College sophomore anti-rape video gets attention on the Web

Claudine Zap
Claudine Zap
The Lookout

An anti-rape video posted on the Web with the line, "Real men treat women with respect," has gone viral: So far, it's been viewed over 1.4 million times.

Filmed by University of Oregon sophomore Samantha Stendal, the 26-second video, "A Needed Response," was made in reaction to the Steubenville rape trial in Ohio, which convicted two high-school football players of raping a drunk and passed out 16-year-old girl.

The victim was unconscious during the crime, and in addition to the rape itself, had to endure a response on social media that often made light of the situation.

The online comments, some of which blamed the young woman, outraged Stendal. The 19-year-old told Yahoo News in an email, "I become frustrated with the constant victim blaming and general rape culture that I saw online. I decided to make a video in order to place something more positive on the internet. I wanted to promote the idea of treating one another like decent human beings."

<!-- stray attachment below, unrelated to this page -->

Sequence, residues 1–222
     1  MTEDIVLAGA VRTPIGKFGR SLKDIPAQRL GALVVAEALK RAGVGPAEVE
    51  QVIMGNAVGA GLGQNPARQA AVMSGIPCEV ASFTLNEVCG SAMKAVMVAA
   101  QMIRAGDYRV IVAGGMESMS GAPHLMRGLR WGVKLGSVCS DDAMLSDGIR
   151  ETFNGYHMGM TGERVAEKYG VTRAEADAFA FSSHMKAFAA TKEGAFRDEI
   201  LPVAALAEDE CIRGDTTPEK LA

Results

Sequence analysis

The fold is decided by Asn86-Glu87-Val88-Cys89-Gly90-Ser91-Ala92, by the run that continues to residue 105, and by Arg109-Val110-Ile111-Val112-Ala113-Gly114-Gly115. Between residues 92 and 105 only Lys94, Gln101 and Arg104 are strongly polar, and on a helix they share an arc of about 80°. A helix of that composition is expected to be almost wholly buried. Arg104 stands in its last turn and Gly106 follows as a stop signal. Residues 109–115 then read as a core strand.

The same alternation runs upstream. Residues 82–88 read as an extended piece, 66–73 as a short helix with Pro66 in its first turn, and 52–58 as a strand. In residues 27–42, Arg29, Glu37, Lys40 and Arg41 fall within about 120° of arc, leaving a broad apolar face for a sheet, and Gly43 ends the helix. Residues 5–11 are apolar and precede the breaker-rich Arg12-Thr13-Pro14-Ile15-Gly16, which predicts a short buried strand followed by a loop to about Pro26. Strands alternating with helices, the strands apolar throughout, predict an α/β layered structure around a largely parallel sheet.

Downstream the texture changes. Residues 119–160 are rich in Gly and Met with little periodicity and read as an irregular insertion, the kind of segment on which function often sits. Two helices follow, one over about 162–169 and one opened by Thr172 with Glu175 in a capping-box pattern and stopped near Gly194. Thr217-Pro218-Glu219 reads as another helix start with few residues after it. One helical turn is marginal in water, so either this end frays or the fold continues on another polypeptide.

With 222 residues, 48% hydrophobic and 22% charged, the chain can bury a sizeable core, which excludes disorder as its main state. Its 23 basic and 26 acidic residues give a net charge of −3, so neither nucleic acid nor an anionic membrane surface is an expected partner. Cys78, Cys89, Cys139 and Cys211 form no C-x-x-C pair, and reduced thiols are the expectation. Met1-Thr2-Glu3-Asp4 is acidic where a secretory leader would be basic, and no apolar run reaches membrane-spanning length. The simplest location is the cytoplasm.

The short video shows a woman passed out on a couch. A man looks directly into the camera, and whispers, “Hey bros, check who passed out on the couch. Guess what I'm gonna do to her?"

He then covers the unresponsive woman with a blanket, puts a pillow under her head, tucks a lock of hair behind her ear and places a mug beside her. Then he delivers the line, “Real men treat women with respect.”

Comments to the video on YouTube have spurred discussion. They include one from BJ Lincoln, who writes, “This is a very cool message. Part of our culture permits rape in many ways and it needs to change. Thank you both for making the message clear.”

User blondegirl214 agreed, “Glad to see at least one man gets it. All is not lost after all!”

The video has obviously struck a chord with viewers. Stendal told Yahoo News she is "surprised" by the huge response, and added, "I am happy to see the conversation moving away from victim blaming and changing to how people in vulnerable situations should be treated."